Design Love: A Historical Church Conversion

When I first met this set of clients, the brief was short and sweet.  They were moving from a large home in Oakville to an open concept loft in a converted church.  We were going to determine what furniture of theirs would work, and what they would need to replace or get rid of. 

We met in the space, so that I could see their new home and start working on the design plan.  It was vacant when I saw it, and full of possibility.  Here are the listing pics from the sale, so you can see what we were working with. 

Phase 1:

Replace laminate in bedrooms and mezzanine 

Phase 2:

Remove and replace kitchen
Re-tile powder room
Completely gut and re-build Master Ensuite

Phase 3: 

Solve for dim lighting throughout
Furnish with a mix of existing furniture and new peices

Our approach:
The clients had many collections, from books to copper, pipes, pens, and art.  So, we needed storage for books, shelves for display, and a solution for showcasing this amazing art collection. (Historical stone buildings often have strict rules about what you can and cannot do to the walls - we were not permitted to install any hooks, screw or electrical on the existing stone walls).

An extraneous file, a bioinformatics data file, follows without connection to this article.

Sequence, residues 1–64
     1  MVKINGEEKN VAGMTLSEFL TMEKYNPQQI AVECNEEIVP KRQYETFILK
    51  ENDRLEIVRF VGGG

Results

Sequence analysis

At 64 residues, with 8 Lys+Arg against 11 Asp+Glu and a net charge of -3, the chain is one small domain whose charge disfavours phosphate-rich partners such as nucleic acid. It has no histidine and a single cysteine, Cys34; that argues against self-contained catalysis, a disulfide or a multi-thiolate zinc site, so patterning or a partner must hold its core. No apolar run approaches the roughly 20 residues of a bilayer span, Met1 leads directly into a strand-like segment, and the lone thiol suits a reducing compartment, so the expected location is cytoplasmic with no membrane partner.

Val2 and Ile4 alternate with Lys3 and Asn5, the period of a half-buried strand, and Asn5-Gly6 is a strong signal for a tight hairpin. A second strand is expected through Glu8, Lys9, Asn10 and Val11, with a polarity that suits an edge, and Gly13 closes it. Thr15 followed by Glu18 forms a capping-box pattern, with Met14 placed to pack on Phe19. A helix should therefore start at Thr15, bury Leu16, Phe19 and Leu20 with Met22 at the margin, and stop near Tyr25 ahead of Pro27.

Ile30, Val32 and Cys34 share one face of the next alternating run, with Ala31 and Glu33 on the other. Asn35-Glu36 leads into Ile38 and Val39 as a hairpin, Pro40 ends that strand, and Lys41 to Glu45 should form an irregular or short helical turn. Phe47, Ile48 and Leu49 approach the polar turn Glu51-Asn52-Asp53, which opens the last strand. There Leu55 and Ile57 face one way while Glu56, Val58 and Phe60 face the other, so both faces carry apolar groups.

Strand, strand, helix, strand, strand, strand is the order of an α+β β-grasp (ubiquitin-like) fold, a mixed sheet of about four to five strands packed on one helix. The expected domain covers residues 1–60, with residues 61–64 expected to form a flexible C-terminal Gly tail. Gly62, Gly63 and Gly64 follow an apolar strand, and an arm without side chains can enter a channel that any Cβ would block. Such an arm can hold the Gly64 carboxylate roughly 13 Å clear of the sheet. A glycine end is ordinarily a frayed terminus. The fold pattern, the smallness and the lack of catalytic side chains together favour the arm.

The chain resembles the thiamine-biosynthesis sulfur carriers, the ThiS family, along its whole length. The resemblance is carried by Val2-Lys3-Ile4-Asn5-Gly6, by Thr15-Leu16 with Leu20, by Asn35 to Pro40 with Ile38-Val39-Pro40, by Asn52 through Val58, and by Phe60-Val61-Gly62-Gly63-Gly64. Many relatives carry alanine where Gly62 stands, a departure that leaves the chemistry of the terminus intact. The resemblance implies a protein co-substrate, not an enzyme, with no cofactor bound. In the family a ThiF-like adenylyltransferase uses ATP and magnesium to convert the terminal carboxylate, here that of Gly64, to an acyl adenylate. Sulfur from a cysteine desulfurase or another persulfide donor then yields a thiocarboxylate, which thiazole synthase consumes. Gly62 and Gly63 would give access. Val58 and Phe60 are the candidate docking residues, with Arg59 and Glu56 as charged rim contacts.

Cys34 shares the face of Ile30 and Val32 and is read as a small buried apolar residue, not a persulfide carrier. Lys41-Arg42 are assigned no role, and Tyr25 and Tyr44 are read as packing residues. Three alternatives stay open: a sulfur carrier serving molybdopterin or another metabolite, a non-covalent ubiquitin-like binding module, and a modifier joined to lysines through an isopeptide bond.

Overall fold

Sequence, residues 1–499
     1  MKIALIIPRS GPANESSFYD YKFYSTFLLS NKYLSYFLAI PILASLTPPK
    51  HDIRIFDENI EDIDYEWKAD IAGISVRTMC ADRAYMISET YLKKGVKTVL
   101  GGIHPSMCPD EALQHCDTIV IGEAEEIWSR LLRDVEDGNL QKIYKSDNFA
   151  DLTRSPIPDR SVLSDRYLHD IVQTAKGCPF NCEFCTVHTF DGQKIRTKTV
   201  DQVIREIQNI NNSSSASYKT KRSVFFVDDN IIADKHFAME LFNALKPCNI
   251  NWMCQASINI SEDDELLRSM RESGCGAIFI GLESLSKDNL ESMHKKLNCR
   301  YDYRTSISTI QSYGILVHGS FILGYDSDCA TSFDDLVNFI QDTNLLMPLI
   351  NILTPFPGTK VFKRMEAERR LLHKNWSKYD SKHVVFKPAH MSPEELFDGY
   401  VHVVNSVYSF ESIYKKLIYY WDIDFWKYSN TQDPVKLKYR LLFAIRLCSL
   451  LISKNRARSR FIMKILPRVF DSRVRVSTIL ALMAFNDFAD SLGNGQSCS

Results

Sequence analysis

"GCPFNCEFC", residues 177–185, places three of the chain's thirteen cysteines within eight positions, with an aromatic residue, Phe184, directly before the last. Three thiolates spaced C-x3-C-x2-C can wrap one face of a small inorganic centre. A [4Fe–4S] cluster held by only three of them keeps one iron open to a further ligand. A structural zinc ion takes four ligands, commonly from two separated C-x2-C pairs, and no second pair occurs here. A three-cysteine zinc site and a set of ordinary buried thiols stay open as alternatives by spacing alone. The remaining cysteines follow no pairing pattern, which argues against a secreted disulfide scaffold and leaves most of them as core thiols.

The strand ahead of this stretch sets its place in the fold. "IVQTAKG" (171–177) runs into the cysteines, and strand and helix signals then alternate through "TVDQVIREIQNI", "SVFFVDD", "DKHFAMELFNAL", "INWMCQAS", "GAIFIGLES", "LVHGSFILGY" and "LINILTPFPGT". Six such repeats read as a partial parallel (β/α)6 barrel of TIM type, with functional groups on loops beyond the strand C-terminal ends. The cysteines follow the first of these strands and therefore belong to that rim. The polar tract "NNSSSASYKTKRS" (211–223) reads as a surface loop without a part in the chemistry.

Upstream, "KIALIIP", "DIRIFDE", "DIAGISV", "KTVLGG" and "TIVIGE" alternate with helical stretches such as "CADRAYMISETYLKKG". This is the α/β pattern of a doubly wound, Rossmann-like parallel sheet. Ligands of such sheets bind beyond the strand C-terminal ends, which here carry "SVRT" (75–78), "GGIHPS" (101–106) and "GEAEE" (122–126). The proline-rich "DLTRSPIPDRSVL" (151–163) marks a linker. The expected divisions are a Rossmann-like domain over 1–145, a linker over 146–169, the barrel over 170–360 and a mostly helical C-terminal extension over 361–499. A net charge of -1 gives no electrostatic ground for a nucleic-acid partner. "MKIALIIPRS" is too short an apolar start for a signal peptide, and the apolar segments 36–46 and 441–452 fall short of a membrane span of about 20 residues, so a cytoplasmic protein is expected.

We doubled down on the books and art, by asking Robert Akroyd to design and build bookcases around the perimeter of the living space, inspired by the built shelving of Frank Llyod Wright's Falling Water. We also had a custom desk (and chair!) created in the same style.  These shelves then became the landing place for showcasing a fantastic art collection, original paintings and sculptures. With this approach, the art collection could be changed, and rotated as frequently as the clients wished. 

In the media room, we build a full height custom shelving unit, with rolling ladder and all.  This houses the rest of the book collection. 

The kitchen is, of course, Bulthaup, with Gaggeneau appliances.  

The Ensuite vanity from Altamarea and Alenia Ktichens was flown in from Italy and is bronze covered with a stunning red lacquer interior.  

Photography by Nina Teixeira